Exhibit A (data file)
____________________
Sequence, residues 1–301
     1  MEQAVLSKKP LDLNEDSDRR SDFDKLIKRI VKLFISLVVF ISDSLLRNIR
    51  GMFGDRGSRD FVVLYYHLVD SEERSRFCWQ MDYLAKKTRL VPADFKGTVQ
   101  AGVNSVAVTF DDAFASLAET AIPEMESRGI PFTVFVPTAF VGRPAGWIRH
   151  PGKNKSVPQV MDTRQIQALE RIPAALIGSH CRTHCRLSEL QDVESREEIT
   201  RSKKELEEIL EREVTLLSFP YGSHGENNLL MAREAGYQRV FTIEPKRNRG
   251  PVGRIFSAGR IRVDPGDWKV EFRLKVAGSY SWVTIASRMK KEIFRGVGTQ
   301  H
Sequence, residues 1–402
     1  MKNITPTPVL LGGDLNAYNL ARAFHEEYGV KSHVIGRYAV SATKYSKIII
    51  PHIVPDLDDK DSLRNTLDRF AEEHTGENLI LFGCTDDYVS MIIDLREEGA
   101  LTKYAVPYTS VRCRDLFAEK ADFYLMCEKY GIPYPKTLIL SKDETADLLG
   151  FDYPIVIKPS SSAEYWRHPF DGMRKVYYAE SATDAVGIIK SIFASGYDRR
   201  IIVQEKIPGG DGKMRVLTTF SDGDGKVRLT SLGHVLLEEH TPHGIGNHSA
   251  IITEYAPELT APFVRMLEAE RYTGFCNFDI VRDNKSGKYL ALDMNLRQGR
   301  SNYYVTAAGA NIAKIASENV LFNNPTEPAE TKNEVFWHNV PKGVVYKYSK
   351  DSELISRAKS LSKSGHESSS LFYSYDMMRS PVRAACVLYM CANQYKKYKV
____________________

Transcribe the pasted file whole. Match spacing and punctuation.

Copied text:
Sequence, residues 1–301
     1  MEQAVLSKKP LDLNEDSDRR SDFDKLIKRI VKLFISLVVF ISDSLLRNIR
    51  GMFGDRGSRD FVVLYYHLVD SEERSRFCWQ MDYLAKKTRL VPADFKGTVQ
   101  AGVNSVAVTF DDAFASLAET AIPEMESRGI PFTVFVPTAF VGRPAGWIRH
   151  PGKNKSVPQV MDTRQIQALE RIPAALIGSH CRTHCRLSEL QDVESREEIT
   201  RSKKELEEIL EREVTLLSFP YGSHGENNLL MAREAGYQRV FTIEPKRNRG
   251  PVGRIFSAGR IRVDPGDWKV EFRLKVAGSY SWVTIASRMK KEIFRGVGTQ
   301  H
Sequence, residues 1–402
     1  MKNITPTPVL LGGDLNAYNL ARAFHEEYGV KSHVIGRYAV SATKYSKIII
    51  PHIVPDLDDK DSLRNTLDRF AEEHTGENLI LFGCTDDYVS MIIDLREEGA
   101  LTKYAVPYTS VRCRDLFAEK ADFYLMCEKY GIPYPKTLIL SKDETADLLG
   151  FDYPIVIKPS SSAEYWRHPF DGMRKVYYAE SATDAVGIIK SIFASGYDRR
   201  IIVQEKIPGG DGKMRVLTTF SDGDGKVRLT SLGHVLLEEH TPHGIGNHSA
   251  IITEYAPELT APFVRMLEAE RYTGFCNFDI VRDNKSGKYL ALDMNLRQGR
   301  SNYYVTAAGA NIAKIASENV LFNNPTEPAE TKNEVFWHNV PKGVVYKYSK
   351  DSELISRAKS LSKSGHESSS LFYSYDMMRS PVRAACVLYM CANQYKKYKV